Cleanup Approach
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Response Action Status
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Immediate Actions In 1983, the EPA removed corrosive liquid from three acid pits and disposed of it at a federally-approved facility. The EPA also neutralized the remaining sludge in the three pits with lime, covered them with caps, and erected a fence across the access road to the property.

Entire Site The EPA and the State of Maine conducted an investigation into the nature and extent of contamination at the site. The selected remedy for site cleanup includes: covering waste in disposal pits and lagoons with geotextile fabrics, stone, and 4 to 6 feet of soil; monitoring the groundwater to detect any continued contamination; and designation by the State legislature as a wildlife preserve, restricting development or disturbances of the soil. Contaminated sediments located beyond the waste pits were excavated and placed inside nearby pits prior to installation of the soil covers. Institutional controls to limit the use of land and groundwater were put into effect in late 1991. All construction activities for the remedy were completed in 1993. Groundwater monitoring has indicated that contamination is not migrating off site via the groundwater.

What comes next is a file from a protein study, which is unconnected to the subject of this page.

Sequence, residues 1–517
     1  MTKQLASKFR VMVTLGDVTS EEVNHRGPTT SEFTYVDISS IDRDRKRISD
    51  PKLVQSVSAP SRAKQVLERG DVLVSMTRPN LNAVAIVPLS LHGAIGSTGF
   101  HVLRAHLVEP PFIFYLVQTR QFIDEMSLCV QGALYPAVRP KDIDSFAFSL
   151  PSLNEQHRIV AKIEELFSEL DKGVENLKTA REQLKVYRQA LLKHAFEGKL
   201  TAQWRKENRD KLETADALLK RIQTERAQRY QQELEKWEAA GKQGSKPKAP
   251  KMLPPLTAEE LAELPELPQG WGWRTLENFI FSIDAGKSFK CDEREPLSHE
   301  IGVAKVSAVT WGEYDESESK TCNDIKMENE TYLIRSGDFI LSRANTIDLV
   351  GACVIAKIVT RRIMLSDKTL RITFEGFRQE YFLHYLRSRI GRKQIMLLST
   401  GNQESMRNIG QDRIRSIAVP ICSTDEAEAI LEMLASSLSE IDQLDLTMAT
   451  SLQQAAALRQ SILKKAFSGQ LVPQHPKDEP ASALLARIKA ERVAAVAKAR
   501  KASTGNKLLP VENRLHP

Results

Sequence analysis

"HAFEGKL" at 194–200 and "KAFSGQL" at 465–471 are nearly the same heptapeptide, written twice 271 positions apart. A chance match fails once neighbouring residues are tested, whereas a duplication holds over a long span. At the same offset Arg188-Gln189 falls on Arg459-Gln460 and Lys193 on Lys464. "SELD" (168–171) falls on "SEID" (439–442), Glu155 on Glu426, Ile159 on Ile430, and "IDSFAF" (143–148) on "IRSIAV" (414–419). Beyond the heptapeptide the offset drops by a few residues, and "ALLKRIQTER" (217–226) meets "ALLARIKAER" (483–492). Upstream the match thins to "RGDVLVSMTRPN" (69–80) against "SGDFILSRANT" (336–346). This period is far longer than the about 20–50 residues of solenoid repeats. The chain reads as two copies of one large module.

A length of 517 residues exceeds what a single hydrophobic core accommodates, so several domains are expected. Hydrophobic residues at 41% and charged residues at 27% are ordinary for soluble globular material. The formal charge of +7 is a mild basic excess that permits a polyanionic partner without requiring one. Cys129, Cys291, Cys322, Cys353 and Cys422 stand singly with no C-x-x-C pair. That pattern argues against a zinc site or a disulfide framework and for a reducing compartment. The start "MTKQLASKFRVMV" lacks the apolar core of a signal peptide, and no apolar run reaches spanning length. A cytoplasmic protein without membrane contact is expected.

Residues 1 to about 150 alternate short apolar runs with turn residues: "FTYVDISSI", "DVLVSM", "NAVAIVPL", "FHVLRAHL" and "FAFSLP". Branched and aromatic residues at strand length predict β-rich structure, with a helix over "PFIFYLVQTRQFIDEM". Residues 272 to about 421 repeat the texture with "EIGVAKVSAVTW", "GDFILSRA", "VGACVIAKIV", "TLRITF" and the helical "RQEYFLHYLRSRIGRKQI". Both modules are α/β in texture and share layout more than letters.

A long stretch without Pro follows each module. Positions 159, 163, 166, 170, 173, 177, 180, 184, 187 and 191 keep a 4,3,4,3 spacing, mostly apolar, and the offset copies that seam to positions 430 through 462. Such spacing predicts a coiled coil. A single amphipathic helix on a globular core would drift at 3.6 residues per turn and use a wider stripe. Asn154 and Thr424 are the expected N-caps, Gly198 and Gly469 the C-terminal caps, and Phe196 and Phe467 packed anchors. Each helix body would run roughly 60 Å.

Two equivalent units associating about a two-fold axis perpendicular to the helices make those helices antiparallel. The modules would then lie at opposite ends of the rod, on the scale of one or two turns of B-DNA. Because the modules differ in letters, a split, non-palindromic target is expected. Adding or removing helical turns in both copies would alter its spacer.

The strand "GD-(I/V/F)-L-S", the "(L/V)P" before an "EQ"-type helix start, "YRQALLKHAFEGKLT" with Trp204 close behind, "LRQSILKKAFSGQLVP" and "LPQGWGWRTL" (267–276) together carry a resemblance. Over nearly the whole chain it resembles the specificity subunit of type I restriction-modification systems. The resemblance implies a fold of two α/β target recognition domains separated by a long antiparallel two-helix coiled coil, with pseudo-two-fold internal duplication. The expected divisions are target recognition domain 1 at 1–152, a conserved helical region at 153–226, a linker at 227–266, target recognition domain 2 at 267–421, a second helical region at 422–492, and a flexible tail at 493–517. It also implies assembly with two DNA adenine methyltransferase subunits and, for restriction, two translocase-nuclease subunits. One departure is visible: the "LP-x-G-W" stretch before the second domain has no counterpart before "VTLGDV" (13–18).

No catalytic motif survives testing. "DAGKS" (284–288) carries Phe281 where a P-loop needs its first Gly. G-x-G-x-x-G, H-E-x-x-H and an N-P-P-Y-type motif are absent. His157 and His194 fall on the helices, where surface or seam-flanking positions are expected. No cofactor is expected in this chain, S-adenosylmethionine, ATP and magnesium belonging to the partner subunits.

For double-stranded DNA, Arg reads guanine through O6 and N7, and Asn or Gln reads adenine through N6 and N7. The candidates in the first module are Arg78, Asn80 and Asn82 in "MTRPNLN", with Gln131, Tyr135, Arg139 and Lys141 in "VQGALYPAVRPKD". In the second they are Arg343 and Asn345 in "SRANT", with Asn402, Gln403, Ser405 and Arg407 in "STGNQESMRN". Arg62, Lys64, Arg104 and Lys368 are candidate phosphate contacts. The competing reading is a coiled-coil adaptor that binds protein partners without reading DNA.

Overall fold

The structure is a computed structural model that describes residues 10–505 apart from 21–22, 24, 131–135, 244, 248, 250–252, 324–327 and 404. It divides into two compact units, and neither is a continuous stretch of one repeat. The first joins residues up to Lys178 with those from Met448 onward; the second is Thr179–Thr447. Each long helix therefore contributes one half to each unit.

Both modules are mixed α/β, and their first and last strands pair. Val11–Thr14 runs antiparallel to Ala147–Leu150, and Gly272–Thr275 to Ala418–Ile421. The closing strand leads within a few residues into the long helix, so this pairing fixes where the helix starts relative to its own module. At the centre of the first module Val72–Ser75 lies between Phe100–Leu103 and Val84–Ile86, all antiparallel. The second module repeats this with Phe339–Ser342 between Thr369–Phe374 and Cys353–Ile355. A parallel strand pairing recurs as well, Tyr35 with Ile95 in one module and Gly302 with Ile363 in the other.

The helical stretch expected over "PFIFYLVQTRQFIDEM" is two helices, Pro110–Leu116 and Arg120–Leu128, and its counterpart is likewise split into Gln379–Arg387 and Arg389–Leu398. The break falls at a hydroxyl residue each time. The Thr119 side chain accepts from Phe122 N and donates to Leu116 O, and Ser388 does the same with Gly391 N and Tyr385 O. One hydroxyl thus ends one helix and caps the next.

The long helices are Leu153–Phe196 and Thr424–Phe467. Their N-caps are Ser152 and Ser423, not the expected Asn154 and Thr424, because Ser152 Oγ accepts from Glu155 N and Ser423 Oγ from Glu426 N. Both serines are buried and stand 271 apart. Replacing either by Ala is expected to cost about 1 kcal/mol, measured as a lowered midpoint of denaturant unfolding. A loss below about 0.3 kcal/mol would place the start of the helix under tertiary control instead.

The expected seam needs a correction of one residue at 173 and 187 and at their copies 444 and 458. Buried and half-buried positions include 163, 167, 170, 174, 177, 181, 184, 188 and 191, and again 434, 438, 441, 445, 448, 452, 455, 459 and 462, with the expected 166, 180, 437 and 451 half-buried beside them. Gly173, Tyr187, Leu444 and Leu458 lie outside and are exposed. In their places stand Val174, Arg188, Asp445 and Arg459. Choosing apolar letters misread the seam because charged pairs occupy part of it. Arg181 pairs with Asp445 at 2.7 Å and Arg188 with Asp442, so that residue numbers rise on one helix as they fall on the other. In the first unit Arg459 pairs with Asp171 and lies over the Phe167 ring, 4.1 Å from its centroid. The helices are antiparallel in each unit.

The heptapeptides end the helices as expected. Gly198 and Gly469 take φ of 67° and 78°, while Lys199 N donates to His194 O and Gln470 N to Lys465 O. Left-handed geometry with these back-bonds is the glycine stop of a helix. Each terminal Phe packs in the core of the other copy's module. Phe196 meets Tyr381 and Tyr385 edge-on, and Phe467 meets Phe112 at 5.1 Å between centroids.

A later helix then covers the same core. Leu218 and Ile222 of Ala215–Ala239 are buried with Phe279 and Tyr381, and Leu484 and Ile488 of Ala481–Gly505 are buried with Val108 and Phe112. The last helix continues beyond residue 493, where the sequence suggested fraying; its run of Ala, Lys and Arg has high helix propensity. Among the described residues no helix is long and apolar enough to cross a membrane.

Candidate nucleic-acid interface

1998 Five-Year Review As required by the Superfund law, EPA performed a five-year review to assess the protectiveness of the remedy. The review concluded that the institutional controls served to prevent exposure to site groundwater; the soil covers were functioning as designed; and long-term monitoring affirmed that groundwater contamination was not migrating off site. However, as sediment sampling suggested contaminants may be migrating, further sediment sampling was recommended.

2003 Five-Year Review The second five-year review was completed in 2003 and concluded that the remedy was functioning as intended and that the remedy remained protective of human health and the environment.
EPA conducted an intensive sediment sampling effort after the first five-year review. Based on the results, EPA concluded the soil covers remained functional and no new seeps were identified. Further, it was concluded that the metal concentrations represented variations commonly associated with wetland areas. Based on these results, EPA determined no further remedial action was warranted.